The Sorento SXL really shines in terms of cargo-hauling capabilities, which I highlighted when I did a write up about my mulch-hauling experience.
The third row of seats is not a place that an adult over 5’9" wants to spend much time, but it is okay for smaller adults. Kids, on the other hand, fit nicely in the third row and there is an independently controlled A/C system so they aren’t starved of cool airflow.
The Sorento SXL really shines in terms of cargo-hauling capabilities, which I highlighted when I did a write up about my mulch-hauling experience. Kia advertises 72 cubes of maximum cargo room, and I can verify that it has that and then some. Plus, the maximum capacity is easily accessible by completing just four steps.
Now there is about five percent of the cabin that I don’t care for. I already mentioned the finicky navigation input, but I also have to add in that though the dash is partly covered in leather, there is still a whole lot of plastic going on. Granted, this plastic has a soft coating on it, but it is still not very great. Additionally, the faux-wood trimming is a little too "faux" when I look a little closer.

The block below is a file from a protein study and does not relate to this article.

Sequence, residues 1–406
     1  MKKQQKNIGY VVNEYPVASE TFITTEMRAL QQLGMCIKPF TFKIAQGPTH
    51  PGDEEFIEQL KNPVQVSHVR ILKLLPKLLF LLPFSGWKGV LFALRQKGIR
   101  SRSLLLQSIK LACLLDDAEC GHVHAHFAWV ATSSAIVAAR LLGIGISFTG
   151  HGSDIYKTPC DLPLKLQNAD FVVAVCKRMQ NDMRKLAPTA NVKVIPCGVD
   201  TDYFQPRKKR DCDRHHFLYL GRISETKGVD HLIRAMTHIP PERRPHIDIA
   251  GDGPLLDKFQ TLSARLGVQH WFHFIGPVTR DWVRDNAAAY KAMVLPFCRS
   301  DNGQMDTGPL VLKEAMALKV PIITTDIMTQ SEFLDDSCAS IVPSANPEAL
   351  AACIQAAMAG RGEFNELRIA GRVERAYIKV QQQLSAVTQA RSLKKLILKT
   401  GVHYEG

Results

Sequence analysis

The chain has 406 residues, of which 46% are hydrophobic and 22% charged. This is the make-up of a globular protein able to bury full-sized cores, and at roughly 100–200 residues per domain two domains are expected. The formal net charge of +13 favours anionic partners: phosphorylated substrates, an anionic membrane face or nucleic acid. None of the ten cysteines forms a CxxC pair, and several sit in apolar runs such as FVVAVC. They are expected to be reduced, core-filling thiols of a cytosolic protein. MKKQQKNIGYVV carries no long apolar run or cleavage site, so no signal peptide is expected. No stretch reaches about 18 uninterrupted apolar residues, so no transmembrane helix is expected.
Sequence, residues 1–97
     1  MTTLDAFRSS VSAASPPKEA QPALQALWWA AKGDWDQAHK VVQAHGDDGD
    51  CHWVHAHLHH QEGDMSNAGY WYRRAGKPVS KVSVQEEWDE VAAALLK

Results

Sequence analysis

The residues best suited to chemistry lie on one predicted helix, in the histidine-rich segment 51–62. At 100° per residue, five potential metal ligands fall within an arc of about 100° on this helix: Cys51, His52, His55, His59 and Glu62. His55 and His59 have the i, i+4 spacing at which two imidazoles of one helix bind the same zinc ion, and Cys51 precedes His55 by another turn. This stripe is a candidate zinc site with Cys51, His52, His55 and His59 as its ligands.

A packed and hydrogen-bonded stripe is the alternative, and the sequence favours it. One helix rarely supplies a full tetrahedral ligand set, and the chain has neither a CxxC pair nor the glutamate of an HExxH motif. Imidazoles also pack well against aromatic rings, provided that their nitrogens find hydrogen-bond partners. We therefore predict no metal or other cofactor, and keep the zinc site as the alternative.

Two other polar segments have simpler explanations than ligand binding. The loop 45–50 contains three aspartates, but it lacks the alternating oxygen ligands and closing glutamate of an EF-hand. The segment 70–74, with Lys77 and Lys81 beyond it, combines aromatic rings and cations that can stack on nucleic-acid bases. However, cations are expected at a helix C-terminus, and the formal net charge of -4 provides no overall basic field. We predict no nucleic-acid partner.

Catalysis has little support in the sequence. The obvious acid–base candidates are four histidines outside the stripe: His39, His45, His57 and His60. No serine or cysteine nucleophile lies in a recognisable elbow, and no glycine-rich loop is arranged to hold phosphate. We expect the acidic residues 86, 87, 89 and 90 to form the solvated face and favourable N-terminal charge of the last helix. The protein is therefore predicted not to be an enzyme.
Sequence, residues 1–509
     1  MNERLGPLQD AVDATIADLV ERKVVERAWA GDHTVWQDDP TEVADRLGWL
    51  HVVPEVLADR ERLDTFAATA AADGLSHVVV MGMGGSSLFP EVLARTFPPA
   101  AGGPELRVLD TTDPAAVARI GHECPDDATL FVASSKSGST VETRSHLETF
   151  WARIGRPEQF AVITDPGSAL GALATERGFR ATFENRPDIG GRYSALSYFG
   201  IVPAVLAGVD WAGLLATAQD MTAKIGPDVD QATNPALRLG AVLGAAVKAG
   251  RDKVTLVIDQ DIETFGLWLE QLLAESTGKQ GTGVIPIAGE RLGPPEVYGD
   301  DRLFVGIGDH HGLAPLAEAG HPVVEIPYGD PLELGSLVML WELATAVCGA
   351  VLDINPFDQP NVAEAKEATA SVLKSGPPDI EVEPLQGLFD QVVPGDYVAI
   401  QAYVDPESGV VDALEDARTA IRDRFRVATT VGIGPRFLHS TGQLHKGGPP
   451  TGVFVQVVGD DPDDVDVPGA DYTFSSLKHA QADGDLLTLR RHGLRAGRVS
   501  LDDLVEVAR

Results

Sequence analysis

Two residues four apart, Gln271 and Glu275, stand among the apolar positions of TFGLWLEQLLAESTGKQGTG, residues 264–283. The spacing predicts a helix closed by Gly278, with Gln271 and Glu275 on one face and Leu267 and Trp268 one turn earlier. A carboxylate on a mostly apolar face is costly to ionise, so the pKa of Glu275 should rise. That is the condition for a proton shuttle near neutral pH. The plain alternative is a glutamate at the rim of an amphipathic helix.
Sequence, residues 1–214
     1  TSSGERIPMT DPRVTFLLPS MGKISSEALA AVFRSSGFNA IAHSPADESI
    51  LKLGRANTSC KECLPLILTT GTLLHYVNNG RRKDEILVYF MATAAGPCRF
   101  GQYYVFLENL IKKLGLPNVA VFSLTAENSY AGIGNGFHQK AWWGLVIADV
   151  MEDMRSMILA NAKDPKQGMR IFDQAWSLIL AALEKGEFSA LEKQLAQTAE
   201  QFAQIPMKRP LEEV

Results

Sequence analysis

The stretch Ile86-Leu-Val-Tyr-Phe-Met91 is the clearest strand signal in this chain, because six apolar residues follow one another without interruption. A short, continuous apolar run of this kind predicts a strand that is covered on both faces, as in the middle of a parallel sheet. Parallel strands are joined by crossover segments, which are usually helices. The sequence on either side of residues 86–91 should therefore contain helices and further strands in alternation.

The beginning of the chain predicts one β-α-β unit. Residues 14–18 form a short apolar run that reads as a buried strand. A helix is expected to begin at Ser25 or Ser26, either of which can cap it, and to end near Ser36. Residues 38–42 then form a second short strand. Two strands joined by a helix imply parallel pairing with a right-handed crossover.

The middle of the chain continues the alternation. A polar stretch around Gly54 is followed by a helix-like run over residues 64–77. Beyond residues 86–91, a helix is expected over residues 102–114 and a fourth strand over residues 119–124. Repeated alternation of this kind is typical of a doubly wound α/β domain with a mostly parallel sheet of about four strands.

Under the hood of the 2015 Sorento SXL sits a familiar, 3.3-liter, V-6 engine that produces a tidy 290 horsepower at 6,400 rpm and 252 pound-feet of twist at 5,200 rpm. This is about average output for an SUV this size, and its six-speed auto transmission with Sportmatic and full-time all-wheel drive make acceleration more than adequate.
In terms of time at the pump, the SXL returns a respectable 18 mpg city, 24 mpg highway and 20 mpg combined.
In terms of time at the pump, the SXL returns a respectable 18 mpg city, 24 mpg highway and 20 mpg combined. The latter number was right on the nose after a week with the vehicle and about 500 miles on the clock. This is pretty typical of Kia, as it learned in the past to understate fuel economy to avoid possible issues in the future.